Last week
The US elections may have stimulated $600billion of QE2 helping the FTSE 100 to its highest point since June 2008, with a 3.5% rise to 5875.3. The FTSE 250 improved 2.5% while the FTSE Aim All-Share at 837.7 increased by 23.8%. Cheaper rates of borrowing are usually good for share prices and assuming it is soundly and prudently invested it is good for the economy. So thoughts of a double dip recession clearly seem misplaced.

This week
The micro economic bus keeps rolling this week with UK Balance of Trade on Tuesday and Inflation on Wednesday. Additional US unemployment news on Thursday with Jobless Claims could contrast the better Non Farm payrolls recently reported. The US Trade Balances will be reported on Wednesday.

Pause for thought
Small companies are vital for the recovery as they employ around 60% of all private sector workers.

Company reports
Discover Leisure (DISL)£2.29m at1.48p
Caravan and motor homes retailer Discover Leisure made a small profit in the second half of the year to August 2010. Focusing on five sites in northern England and improving operating efficiency have helped to improve margins. Underlying operating costs were cut by one-fifth. The second half is always the stronger of the two trading periods. The increase in VAT from 17.5% to 20% could spark buying before the end of the year but the business will remain second half weighted. Discover has also managed to grow like-for-like sales of caravans by 6.4% even though the market shrank by 2.8%. The decline in the motor homes market was 15.9% but Discover’s like-for-like sales rose 6.9%. Touring caravans account for 51% of sales and motor homes a further 38%. Sales of accessories declined. Overall revenues fell from £84.4m to £52.3m, while the reported loss declined from £16.7m to £1.8m. These figures include sites that have been closed. Discover more than doubled orders from this year’s NEC Caravan and Motor Home Show. However, the market as a whole is likely to be flat this year. Discover plans to increase its aftermarket and servicing revenues.

Residential planning permission has been granted by Havant Borough Council for Discover’s Portsmouth site. That should enable it to complete the £1.65m sale of the site. This will go towards paying off a £1.9m bank loan. The loan has already been reduced by £3.1m through the sale of four other sites. Net debt was £11.5m at the end of August 2010, even though Discover has increased its new vehicle stocks. The NAV is around £8m.

RED24 (REDT)£4.23m at 8.75p
Interims reported a 33% increase in turnover to £2.48m on which an above budget profit of £302,000 was made. Red24 is a highly operationally leveraged supplier of security assistance services to leading international financial services companies. The services are sold as an insurance type policy and once the cost of the call centre in South Africa are covered further policy sales fall straight through to profits. There is positive cash flow and cash balances are £1.1m with a very healthy current ratio of 2.2x. A 0.24p interim dividend is to be paid representing a 60% increase and directors are major shareholders with the Chairman owning 29%. The security insurance policies tend to be imbedded with other banking services which increases their stickiness so the reported 35% increase in customer base given the high operational leverage is particularly noteworthy. The Full year turnover is forecast at £4.7m with a PBT of £700,000 for an EPS of 1.4p for a prospective P/E of 6.3x.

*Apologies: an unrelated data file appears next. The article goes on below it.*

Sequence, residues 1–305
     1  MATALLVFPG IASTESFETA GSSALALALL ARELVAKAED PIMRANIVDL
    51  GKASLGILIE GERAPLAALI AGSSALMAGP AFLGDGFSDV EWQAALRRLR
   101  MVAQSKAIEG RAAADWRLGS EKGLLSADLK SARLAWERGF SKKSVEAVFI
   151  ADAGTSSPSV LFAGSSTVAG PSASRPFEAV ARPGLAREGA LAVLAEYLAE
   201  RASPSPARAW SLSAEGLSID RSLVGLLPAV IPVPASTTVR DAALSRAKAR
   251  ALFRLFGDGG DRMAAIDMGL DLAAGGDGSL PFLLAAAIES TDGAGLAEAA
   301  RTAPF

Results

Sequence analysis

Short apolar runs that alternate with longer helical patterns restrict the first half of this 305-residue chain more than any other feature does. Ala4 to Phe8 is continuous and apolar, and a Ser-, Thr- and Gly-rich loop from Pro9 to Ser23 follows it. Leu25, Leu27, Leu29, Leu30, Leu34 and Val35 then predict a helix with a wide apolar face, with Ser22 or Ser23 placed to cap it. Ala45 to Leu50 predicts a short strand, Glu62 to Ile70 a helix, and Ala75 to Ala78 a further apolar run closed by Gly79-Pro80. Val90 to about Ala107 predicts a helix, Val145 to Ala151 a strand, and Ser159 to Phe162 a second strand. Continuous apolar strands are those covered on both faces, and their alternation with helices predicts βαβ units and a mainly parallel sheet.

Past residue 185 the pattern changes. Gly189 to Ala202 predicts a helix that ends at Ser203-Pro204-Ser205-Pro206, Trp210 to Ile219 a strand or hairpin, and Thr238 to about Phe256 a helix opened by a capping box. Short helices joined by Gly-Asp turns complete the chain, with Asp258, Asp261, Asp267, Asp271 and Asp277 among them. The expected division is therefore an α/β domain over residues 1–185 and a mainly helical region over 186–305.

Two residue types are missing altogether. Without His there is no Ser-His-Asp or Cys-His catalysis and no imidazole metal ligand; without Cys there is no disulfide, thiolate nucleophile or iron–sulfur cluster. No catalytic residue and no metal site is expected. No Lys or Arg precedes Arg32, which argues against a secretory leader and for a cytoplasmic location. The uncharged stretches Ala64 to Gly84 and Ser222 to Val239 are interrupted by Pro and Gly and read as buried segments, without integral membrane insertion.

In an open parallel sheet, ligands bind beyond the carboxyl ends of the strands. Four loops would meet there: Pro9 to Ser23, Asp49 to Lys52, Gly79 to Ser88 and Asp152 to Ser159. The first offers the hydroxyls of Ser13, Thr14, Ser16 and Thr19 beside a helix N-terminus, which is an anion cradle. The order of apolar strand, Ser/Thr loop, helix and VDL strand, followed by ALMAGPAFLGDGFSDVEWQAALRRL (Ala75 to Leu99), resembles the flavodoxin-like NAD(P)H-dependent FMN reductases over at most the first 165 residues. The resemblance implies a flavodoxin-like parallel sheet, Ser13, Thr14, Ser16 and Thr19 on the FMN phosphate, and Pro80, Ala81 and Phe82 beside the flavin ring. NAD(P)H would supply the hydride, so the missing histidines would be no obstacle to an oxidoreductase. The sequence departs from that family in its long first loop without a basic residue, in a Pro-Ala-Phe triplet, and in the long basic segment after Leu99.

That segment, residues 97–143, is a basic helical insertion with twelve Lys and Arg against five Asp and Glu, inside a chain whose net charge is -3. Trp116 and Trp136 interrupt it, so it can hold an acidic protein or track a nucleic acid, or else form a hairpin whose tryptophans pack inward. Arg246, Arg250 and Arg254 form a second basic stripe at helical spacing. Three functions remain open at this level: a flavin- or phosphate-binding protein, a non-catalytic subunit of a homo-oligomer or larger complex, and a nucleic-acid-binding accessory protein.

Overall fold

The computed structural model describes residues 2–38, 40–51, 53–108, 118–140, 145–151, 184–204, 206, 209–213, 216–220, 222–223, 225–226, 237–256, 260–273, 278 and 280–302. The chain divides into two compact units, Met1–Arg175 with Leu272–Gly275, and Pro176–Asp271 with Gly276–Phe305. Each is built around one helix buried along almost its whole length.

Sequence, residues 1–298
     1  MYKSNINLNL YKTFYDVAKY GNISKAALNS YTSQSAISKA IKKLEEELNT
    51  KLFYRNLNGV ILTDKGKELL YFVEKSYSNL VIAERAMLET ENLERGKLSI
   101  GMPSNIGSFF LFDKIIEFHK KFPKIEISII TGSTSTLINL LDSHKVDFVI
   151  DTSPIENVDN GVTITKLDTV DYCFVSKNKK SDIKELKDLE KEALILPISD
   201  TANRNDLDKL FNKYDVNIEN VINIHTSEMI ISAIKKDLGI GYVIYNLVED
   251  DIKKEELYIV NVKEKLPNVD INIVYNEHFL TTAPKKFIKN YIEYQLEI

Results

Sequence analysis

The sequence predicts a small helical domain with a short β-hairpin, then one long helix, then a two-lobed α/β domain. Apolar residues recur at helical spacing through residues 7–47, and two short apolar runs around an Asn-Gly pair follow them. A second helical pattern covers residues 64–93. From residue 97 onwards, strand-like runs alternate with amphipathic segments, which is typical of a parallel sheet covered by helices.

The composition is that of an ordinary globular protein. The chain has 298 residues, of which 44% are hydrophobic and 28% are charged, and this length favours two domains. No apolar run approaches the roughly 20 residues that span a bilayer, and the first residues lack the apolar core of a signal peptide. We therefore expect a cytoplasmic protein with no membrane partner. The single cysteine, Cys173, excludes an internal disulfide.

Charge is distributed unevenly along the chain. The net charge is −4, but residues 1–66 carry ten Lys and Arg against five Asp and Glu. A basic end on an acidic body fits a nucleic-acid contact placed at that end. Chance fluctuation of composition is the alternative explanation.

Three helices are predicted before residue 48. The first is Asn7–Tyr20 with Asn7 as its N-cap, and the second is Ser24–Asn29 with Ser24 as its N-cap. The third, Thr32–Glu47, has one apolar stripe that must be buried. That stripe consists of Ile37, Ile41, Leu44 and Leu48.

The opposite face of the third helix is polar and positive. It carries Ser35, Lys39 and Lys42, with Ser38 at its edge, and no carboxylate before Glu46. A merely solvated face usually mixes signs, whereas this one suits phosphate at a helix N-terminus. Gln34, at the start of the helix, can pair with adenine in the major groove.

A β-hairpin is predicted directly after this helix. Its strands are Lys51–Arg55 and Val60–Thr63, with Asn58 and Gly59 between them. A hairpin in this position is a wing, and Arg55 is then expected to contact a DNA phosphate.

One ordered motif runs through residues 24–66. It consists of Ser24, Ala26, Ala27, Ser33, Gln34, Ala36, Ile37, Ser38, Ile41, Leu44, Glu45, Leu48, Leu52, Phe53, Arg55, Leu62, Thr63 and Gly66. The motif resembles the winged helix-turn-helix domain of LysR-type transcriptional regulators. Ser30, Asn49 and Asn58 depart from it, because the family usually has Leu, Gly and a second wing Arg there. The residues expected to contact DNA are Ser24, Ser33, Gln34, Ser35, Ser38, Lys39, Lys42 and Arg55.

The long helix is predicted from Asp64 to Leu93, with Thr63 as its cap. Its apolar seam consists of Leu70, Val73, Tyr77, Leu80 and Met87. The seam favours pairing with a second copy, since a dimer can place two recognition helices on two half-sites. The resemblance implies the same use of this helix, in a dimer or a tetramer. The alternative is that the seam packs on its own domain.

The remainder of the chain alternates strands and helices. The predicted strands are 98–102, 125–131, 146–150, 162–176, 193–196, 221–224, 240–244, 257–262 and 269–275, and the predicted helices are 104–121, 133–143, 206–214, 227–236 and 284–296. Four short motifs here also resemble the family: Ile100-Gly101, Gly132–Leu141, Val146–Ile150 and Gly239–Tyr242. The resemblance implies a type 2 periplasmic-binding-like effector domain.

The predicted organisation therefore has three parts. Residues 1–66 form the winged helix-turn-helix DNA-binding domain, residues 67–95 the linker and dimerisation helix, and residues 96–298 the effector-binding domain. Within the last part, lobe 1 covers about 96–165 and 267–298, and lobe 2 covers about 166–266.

The downside is that further weakness in the dollar negatively impacts as sales are invoiced in dollars and tend to be worth less in local currency terms when payment is actually received, whether this is in the UK or South Africa. The strong balance sheet supported by the £1.1m of cash given the low cost and limited new product development opportunities does allow acquisition opportunities and a dollar earning target would makes the most strategic sense.

MobilityOne (MBO)£4.68m at 5p
MobilityOne Ltd, which provides e-commerce infrastructure services and technology, has invested a lot of time and money in its technology and the benefits are showing through with the company expected to move into profit in 2011. Malaysia-based MobilityOne started out providing mobile phone top-ups and has branched into mobile banking, bill payments, ticket purchasing and global cash remittance. All the technology has been developed internally. MobilityOne has its own terminals but the number is unlikely to rise significantly because more transactions are being done via bank cash machines and mobile phones. Eight Malaysian banks have signed up and they have 10m account holders who could potentially use the company’s services. The original mobile top-up business is growing by 10% a year and most people still use scratch cards for top-ups. MobilityOne has expanded into Indonesia and is about to start trading in Cambodia but Malaysia still generates more than 90% of revenues. Only 5% of mobile top-ups are electronic in Cambodia and MobilityOne has agreements with six out of the nine mobile operators. In the six months to June 2010, revenues increased 81% to £9.77m, against £13.7m for the whole of 2009. The interim loss was more than halved to £204,000. The global remittance business has only just started to contribute revenues. MobilityOne recently gained its licence to operate the remittance business from the Malaysian Central Bank. A deal with Coinstar Money Transfer will make it easier to facilitate transfers around the world.

Net debt was £669,000 at the end of June 2010. There was an operational cash inflow of £222,000 in the first half of 2010, as well as £373,000 raised from disposals. However, most of the cash inflow was offset by exchange rate movements.

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